Where Will the Homeless go in Vermont?

Ellen P LaFleche-Christian

Despite the small, hometown feeling that visitors get when they come to Vermont, the Green Mountain state has a growing problem with homelessness.

While the reasons for homelessness are many, one problem that is cited continually is the growing cost of housing around the state. As the price of available housing increases, it becomes less and less possible for low-income families to afford it.

two homeless men smilingBrett/Pexels

Homeless in Vermont

When you hear the word homeless, many things come to mind. But, most people envision people living on the street or under bridges. The truth is that there are many different types of homelessness in Vermont.

Made worse by the pandemic

Housing in Vermont has always proven expensive. One of the biggest problems is that landlords would rather rent to tourists and those who want to summer in Vermont than to residents with low income.

By renting apartments and houses to out of staters, they can charge more. And, they are less likely to have to deal with late payments and evictions with more well-off renters.

Unfortunately, this means that apartments and houses cost much more to rent than many average jobs pay in Vermont.

As low-income apartments become full, there are fewer places for people who need to find affordable housing. This can mean that families find themselves homeless when evicted.

woman sleeping in tentCottonbro/Pexels


During the warmer months, it's not uncommon to find families living at campgrounds to save on the cost of rent and utilities. It costs much less money to pay for a camping spot and use the showers than it does to rent an apartment and pay utilities. Unfortunately, this becomes impossible as the temperatures drop.

Staying with friends

Families or individuals that find themselves with no permanent house to call home may choose to stay with friends. This might be an informal arrangement for a week or two. Or, it might mean spending a few days in one spot and a few days in another. This is often called couch surfing as people "surf" from one friend's home to another.

front of a motel roomiStock/Pexels

Homeless motels

When the pandemic was at its worst, the state of Vermont set up homeless motels at area hotels for homeless people to stay in. The hope was that keeping people off the streets would lessen the spread of COVID-19.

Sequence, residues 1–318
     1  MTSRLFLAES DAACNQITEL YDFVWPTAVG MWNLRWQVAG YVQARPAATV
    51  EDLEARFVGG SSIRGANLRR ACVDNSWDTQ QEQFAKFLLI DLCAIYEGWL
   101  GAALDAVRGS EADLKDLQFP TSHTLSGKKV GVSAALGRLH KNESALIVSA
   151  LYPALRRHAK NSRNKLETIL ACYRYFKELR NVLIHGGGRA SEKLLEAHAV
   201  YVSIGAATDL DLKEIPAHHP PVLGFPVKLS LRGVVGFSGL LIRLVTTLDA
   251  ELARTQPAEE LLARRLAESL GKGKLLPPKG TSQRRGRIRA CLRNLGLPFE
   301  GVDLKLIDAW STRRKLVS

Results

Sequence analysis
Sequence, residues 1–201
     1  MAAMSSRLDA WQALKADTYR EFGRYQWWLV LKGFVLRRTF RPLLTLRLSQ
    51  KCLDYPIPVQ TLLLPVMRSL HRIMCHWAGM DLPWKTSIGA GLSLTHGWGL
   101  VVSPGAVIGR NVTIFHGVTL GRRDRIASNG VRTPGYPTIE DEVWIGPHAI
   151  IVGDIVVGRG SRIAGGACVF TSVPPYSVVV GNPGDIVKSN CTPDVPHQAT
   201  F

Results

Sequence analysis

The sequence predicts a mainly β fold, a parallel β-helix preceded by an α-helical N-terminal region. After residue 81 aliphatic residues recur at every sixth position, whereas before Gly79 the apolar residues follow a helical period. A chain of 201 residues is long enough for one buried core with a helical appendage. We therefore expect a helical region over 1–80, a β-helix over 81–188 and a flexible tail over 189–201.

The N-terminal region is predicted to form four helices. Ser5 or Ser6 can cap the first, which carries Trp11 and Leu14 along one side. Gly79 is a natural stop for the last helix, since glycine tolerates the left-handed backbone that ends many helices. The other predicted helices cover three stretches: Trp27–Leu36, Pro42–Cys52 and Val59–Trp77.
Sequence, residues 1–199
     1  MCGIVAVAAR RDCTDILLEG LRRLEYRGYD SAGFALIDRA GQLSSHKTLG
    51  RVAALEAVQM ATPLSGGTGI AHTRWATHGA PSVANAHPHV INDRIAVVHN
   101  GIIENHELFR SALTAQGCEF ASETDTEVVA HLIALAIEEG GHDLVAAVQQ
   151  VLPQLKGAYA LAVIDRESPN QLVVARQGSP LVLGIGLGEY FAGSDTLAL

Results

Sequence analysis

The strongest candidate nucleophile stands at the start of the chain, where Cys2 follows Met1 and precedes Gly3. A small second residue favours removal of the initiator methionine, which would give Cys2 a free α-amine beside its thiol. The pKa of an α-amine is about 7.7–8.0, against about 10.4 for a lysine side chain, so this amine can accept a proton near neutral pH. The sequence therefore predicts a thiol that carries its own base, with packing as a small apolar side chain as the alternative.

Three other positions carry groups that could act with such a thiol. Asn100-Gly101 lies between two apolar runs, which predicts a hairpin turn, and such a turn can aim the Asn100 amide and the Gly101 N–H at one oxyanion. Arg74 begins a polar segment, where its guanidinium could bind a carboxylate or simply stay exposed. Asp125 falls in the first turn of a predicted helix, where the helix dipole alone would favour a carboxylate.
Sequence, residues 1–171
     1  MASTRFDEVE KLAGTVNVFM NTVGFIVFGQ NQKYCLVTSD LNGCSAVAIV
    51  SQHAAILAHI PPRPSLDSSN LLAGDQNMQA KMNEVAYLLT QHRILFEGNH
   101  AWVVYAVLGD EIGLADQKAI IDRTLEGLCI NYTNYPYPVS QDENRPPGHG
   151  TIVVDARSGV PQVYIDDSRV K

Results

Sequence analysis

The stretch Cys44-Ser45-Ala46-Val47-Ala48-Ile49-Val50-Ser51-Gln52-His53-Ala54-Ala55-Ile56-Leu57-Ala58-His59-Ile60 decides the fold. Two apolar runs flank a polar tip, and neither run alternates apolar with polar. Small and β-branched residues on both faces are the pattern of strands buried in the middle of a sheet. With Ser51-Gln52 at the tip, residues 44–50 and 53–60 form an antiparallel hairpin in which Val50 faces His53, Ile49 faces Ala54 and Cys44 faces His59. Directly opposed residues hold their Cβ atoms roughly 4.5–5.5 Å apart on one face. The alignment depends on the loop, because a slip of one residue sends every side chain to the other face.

When the COVID-19 crisis hit, demand for these motels skyrocketed which caused the state to open more of them to address the needs.

As of June 1st, new eligibility requirements make it more difficult to qualify for these homeless motels. Are agencies are concerned that hundreds of people will no longer qualify for these motels and will end up on the streets again.

These changes weren't made by accident. It is the State of Vermont's first step toward transitioning away from paying to house the homeless. And, it's one that Legal Aid is concerned with. This site has set up resources to help those who are facing homelessness in Vermont.

leaking pipeLuis/Pexels

Not fit to live in

In addition, several sites that were housing the homeless have now been closed and are considered not fit to live in. The City of Rutland shut down a homeless motel at the Quality Inn due to code violations that included things like leaking pipes, holes in the walls, doors that don't latch, and combustibles stored in front of exits. Learn more here.

So, as more and more of these homeless motels in Vermont are closed, where will our homeless population go as the weather turns cold again?

What part should the state of Vermont play in helping those that find themselves homeless once again?

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Country living content creator with a passion for preparedness and natural living. I share simple steps anyone can take to become more self sufficient and more aware of your surroundings. Check out my easy recipes, essential oil crafts, and healthy living tips.

Castleton, VT

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